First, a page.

~synth.map(\pitch,0);


## Triggering it

The envelope generator line can now be evaluated to retrigger the kick. It will keep on droning, but already has the characteristic punch:

{Out.kr(0,EnvGen.kr(~env, doneAction: Done.freeSelf))}.play


## Exercise

Exercise

Add a second envelope for the gain to stop the kick from droning.

# Icecast

Icecast is a free software solution for creating accessible web-radio streams: https://icecast.org/

It plays nicely with JACK on Linux audio servers, allowing the broadcasting of complex sound synthesis and sonification projects.

# IIR Filters

Infinite Impulse Response (IIR) filters are such filters which include recursion, respectively feedback, in their implementation. Their impulse response does thus not drop to zero after a given time. They can become instable due to the feedback. However, IIR filters require less coefficients and thus less operations to get a filter with the desired effect than FIR filters. As FIR filters, IIR filters create an output sequence $y[n]$ from an input sequence $x[n]$:

### The Difference Equation¶

For the difference equation the recursion is included with additional coefficients $a_n$, feeding back the output signal $y[n]$ with different delays. The following difference function represents a second order IIR filter. Also referred to as biquad filter, this is a basic component for many digital filter implementations:

$$y[n] = b_0 x[n] + b_1 x[n-1]+ b_2 x[n-2] - a_1 y[n-1] - a_2 y[n-2]$$

Or short:

$$y[n] = \sum\limits_{i=0}^{i=N} b_i x[n-i] - \sum\limits_{i=1}^{i=N} a_i y[n-i]$$

### Implementation Structure¶

The above difference equation can be transferred into different implementation structures. These structures can be directly implemented in actual code. The following one is the direct form 1:

### Polynominals¶

A filter of the order $N$ can be expressed as a polynominal, using the Z-operator $z = e^{sT}$:

$$h[n] = \frac{\sum\limits_{n=0}^{n=N} b_n z^{-n}}{\sum\limits_{n=1}^{n=N} a_n z^{-n}}$$

### Pole-Zero Plot¶

IIR filters have roots in the demoninator, called zeros and in the nominator, called poles:

## Multichannel Expansion

The following example implements simple additive synthesis in SuperCollider, suited as a starting point for more elaborate designs. Arrays can be helpful for using single UGens multiple times, which is the very idea of additive synthesis. The multichannel expansion allows the use of arrays as arguments for UGens, resulting in an array of objects with the initialization parameters given in the arrays. The following example will create five oscillators, sending their outputs to the buses 0...4:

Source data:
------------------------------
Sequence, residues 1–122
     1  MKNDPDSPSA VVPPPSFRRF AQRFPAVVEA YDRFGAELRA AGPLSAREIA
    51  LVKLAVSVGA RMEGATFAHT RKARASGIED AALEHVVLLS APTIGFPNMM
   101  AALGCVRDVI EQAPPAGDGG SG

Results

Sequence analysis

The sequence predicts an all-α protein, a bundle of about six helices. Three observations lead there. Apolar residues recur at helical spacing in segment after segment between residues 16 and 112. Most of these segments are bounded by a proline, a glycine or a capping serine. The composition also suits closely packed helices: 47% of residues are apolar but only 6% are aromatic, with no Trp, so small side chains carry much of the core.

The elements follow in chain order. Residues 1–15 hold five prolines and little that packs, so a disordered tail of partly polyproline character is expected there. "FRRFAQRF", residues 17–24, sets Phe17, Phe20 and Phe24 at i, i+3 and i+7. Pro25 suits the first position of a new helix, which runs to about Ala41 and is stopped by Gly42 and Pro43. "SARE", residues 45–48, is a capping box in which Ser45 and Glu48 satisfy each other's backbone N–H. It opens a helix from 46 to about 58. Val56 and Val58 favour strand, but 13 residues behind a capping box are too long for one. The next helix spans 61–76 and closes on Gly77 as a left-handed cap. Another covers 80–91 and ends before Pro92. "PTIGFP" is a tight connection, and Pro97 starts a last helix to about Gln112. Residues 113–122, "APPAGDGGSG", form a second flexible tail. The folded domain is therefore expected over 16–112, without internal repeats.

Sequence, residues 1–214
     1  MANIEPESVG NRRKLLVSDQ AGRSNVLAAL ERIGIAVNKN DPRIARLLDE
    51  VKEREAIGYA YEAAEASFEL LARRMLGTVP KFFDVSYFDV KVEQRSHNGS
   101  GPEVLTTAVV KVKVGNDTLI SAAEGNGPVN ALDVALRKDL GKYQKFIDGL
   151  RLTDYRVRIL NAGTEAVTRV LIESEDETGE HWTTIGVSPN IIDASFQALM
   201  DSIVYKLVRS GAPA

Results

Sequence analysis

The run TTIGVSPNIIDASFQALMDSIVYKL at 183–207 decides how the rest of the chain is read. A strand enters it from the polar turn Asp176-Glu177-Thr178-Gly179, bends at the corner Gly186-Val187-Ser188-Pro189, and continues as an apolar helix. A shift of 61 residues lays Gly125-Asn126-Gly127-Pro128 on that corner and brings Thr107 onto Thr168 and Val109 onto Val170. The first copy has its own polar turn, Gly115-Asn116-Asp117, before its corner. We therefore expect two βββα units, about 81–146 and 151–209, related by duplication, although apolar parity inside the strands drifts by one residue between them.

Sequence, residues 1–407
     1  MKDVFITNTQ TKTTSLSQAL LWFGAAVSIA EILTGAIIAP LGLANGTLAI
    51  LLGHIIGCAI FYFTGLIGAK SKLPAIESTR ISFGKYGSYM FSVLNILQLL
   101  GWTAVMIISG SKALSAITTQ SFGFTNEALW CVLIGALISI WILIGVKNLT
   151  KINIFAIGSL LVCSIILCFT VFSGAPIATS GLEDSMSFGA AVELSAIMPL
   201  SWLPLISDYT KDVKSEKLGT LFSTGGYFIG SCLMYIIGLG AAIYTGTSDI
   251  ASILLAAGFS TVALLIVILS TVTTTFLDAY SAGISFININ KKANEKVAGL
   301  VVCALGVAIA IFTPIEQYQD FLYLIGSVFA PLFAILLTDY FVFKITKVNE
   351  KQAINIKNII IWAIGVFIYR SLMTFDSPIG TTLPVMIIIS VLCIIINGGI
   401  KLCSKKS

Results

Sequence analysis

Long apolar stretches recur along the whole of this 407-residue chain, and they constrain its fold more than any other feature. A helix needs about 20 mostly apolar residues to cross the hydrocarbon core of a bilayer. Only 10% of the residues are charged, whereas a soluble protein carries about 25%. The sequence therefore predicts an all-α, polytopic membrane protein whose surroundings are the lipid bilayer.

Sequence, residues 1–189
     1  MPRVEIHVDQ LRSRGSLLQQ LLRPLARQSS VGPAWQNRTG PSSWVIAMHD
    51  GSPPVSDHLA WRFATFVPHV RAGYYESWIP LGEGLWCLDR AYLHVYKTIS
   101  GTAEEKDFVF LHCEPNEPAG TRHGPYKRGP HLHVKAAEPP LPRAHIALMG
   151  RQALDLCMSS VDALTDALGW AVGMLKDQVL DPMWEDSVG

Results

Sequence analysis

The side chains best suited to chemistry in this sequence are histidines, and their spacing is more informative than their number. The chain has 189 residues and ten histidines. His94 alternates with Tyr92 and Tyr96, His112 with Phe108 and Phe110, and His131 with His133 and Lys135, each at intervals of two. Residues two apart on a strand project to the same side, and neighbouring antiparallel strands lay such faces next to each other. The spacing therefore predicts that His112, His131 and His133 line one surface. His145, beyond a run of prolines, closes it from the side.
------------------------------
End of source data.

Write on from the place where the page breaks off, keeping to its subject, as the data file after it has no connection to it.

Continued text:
(
{
|pitch=100|
SinOsc.ar(freq:pitch*[1,2,3,4,5],mul:1/[1,2,3,4,5]);
}.play;
)

s.scope(6,0);


## Mixing

The single partials can be easily summed by wrapping them inside a Mix.ar() UGen. They are now all sent to the first output bus:

(
{
|pitch=100|
Mix.ar(SinOsc.ar(freq:pitch*[1,2,3,4,5],mul:1/[1,2,3,4,5]));
}.play;
)

s.scope(6,0);


## Dynamic Allocation

For more partials and dynamic sizes, it makes sense to use the fill() method of the array class:

(

~n_part    = 30;

|pitch=100|

Mix.ar(
SinOsc.ar(
freq:pitch*Array.fill(~n_part,{arg i; (i+1)}),
mul: Array.fill(~n_part,{arg i; 1/(((i)+1))})
)
);

}.play;
)


## Exercises

Exercise

Combine the example with a mouse control, allowing to change the timbre and the pitch.

Exercise

Adjust the partial weight formula to generate basic waveforms (square, sawtooth, triangle).

# FIR Filters

Finite Impulse Response (FIR) filters are such digital filters which have - as the name suggests - a finite impulse response. These filters do not have an internal feedback and can be applied simply by convolving an input sequence $x[n]$ with the filter's impulse response $h[n]$ to get the output sequence $y[n]$:

For FIR filters, the impulse response $h[n]$ is a one-dimensional array containing the $N$ filter coefficients. The following example shows the coefficients, respectively the impulse response for a filter of the order $N=5$:

### The Difference Equation¶

From the impulse response we can get the coefficients $b_n$ to write the difference equation, which is the basis for applying a filter:

$$y[n] = b_0 x[n] + b_1 x[n-1]+ b_2 x[n-2]+ b_3 x[n-3]+ b_4 x[n-4] + b_5 x[n-5]$$

### Implementation Structure¶

Another important representation of a filter is the implementation structure. It can be directly derived from the difference equation. Each $z^{-1}$ block represents a delay by one sample. This case shows the direct form:

### Applying a Filter by Convolution¶

Applying the filter with the given impulse response is done by simple convolution, which is the same as passing samples from the input of the implemtation structure above to its output. The above equation is then written as follows:

$$\begin{eqnarray} y[m] &=& x[n] * h[m]\\ &=& \sum\limits_{m=0}^{M} h[m] x(n-m)\\ &=& \sum\limits_{m=0}^{M} b_m x(n-m)\\ \end{eqnarray}$$

### The Transfer Function¶